There’s a scene where, after some frustrating hours of trying to get through to the horse he’s been tasked to work with, the man grows weary and sits in a slump. For a while, the horse edges out of the frame, to get as far away from the man as possible; and you see the man looking dejectedly into the distance, breathing hard, his eyes desperate… But then, the horse re-enters the frame, from above, and dips its head gently next to the man’s face.
And the man can’t believe it. For a moment he’s stunned, unsure how to react. Then he’s reaching out, awkwardly, to touch the horse’s nose. When the horse doesn’t rear away, he slowly bends his head to the horse’s head. His pregnant daughter had told him that he was no good at taking care of anything or anyone, and now he’s so overcome he struggles to hold back tears. (It has to be said: Matthias Schoenaerts is very good at “crying like a man”!)
There are a couple of other moments I go back to, though as a whole, the film isn’t entirely subtle. When stories involve a great beast, there’s often a parallel drawn to human nature; and in this film, as it was in Rust and Bone (which involved a killer whale), I guess it’s about how some animals, and some people, just can’t be tamed.
Still, the movie’s epilogue strikes a hopeful note. There’s a line informing the audience that inmates who have worked with mustangs have proven less likely to reoffend when they get out of prison. The thought of that moved me—I’m not a cynic yet.
P.S. A song from the soundtrack: “Avalanche” by Leonard Cohen.
Some words to live by
An unwelcome consequence of living in a world where everything is “easy” is that the only skill that matters is the ability to multitask. At the extreme, we don’t actually do anything; we only arrange what will be done, which is a flimsy basis for a life.
“The Tyranny of Convenience” (New York Times)
Life stranger than fiction, kindling thoughts, glimpses of horror & beauty
# This dramatic photo feature by James Whitlow Delano on the dystopian reality of gold-mining in the highest permanent human settlement in the world—La Rinconada, Peru—reminded me of this William Finnegan story, which remains one of my favourite nonfiction pieces. It’s exactly the sort of piece I want to do: an immersive mix of reportage and travelogue.
# William Langewiesche, apparently respected aviation writer, argues that, actually, MH370 isn’t really the mystery everyone thinks it is—in a piece that’s narratively strong and seemingly persuasive. I was ready to believe it. Then came this rebuttal. Guess the verdict’s still out then…?
# Wesley Morris, a self-described “single black gay man”, charts the evolution of romantic comedies and what it says about us, and argues for their comeback, as “the only genre committed to letting relatively ordinary people—no capes, no spaceships, no infinite sequels—figure out how to deal meaningfully with another human being.”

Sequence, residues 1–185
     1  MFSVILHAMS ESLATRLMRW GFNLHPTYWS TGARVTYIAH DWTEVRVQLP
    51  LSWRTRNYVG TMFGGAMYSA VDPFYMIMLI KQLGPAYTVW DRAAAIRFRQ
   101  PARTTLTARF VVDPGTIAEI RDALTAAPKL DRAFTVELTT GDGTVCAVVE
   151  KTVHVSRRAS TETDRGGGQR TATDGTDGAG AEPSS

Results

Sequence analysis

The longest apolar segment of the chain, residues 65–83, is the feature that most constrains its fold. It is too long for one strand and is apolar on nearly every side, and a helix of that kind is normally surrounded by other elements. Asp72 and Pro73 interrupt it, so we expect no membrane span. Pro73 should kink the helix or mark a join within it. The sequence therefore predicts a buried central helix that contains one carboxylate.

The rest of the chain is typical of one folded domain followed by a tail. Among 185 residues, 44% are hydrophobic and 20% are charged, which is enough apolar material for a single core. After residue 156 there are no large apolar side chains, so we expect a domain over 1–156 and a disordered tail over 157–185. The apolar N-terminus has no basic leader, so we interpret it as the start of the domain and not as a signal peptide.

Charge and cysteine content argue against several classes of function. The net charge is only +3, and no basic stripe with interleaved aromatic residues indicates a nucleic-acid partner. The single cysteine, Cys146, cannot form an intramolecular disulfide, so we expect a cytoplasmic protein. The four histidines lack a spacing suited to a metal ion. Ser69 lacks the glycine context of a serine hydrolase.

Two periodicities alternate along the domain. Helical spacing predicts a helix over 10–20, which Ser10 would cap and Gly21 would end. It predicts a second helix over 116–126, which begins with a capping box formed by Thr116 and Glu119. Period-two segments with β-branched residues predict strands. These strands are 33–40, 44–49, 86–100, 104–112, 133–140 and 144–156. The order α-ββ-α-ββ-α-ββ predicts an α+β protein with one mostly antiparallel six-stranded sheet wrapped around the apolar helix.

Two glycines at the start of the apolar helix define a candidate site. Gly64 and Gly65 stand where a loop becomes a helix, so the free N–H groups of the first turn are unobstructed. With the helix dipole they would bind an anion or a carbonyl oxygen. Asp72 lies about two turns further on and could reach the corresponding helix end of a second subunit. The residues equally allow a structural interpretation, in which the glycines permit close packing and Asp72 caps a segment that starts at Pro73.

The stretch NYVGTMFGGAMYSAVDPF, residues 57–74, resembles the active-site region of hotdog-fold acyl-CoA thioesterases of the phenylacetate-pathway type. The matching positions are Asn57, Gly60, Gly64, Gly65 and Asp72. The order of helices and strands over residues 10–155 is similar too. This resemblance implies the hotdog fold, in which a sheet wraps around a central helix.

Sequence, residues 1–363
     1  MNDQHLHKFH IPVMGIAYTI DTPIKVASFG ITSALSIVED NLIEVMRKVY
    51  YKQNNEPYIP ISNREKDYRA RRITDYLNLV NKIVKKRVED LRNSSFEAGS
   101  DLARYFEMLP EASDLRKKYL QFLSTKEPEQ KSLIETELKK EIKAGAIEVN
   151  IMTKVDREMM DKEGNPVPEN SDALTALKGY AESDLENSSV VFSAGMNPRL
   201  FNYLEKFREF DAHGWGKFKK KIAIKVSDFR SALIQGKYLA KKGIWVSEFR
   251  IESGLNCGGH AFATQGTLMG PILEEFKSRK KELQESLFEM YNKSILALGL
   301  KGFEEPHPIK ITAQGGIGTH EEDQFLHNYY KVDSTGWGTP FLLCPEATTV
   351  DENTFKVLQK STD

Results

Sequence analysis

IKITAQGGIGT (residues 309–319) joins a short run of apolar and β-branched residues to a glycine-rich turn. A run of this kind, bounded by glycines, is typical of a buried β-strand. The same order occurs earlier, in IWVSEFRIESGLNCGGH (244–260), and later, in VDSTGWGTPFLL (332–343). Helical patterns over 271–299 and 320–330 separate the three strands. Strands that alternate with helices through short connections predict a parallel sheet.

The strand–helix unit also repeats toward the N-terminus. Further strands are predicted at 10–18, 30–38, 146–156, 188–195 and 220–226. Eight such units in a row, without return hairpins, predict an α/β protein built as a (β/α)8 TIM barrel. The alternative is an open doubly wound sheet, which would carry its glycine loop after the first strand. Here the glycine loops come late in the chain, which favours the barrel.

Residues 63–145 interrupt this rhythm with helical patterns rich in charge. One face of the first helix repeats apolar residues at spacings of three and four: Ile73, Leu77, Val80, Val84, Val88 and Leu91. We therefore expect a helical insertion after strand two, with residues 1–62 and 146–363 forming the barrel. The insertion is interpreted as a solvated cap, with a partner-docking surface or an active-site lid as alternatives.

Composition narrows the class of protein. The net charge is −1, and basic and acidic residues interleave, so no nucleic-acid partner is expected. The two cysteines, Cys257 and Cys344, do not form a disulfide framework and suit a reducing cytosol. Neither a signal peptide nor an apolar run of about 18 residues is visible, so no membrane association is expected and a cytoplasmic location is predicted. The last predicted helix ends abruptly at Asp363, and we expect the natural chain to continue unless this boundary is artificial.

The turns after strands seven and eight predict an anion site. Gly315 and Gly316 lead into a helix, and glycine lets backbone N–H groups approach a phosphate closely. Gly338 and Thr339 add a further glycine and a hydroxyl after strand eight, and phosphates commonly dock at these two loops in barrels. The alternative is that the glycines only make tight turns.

# From the new UK-based Tortoise Media (the latest champion of slow journalism), a fascinating profile by Nicky Woolf: “8chan is a monster, but its creator had no idea what it would become. He was just a kid.”
# Since Chernobyl’s now on the travel radar, thanks to the HBO series, here’s a beautifully written, very atmospheric, very surprising piece I remember by Henry Shukman: “It's not just the forest that's come back but all its creatures. It's the land of Baba Yaga, the old witch of Russian folktales. Is this the world before humanity? Or after? Is there a difference?”
# Watch Vice’s Isobel Yeung—who has enviable ladyswagger!—go undercover as a travel blogger in Xinjiang, which mandated riding camels and flashing peace signs. She’s gotten some flack from other journalists for stretching ethical boundaries, but equally, other journalists, as well as Uighur activists, have come to her defence.
# Stranger Things is back. I’ve never played Dungeons & Dragons, but I know friends who take it fairly seriously. This is for them: “The Rise of the Professional Dungeon Master” by Mary Pilon. Enough said.
# An incredibly moving essay from historian Jill Lepore about being a mother and a writer, and the bonds between women. “My best friend left her laptop to me in her will. Twenty years later, I turned it on and began my inquest.”
# An uplifting story by Mary Hui on Hong Kong’s domestic workers who “squeeze in training runs before the crack of dawn or late at night, and find creative ways to turn their household duties into training opportunities”.
# On the heels of neighbourly spats like this, here’s a detailed New Naratif piece comparing hawker food and culture in Malaysia and Singapore. (I had actually pitched the same idea to another food-centric publication, but they didn’t bite!)
Something to tickle your funny bone
Haha, this is atrociously hilarious! I’ve never actually seen a single full episode…